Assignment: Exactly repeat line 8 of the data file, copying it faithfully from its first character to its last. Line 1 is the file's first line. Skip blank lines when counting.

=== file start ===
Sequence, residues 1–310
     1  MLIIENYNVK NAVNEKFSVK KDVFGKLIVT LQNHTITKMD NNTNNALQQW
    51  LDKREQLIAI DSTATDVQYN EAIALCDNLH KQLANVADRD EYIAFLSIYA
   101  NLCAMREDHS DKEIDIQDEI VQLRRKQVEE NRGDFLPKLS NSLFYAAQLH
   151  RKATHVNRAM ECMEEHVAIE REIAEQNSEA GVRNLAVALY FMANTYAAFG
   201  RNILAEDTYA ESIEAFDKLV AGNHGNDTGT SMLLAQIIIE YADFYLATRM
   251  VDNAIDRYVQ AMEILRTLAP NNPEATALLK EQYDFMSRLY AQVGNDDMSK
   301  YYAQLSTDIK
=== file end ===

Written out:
   301  YYAQLSTDIK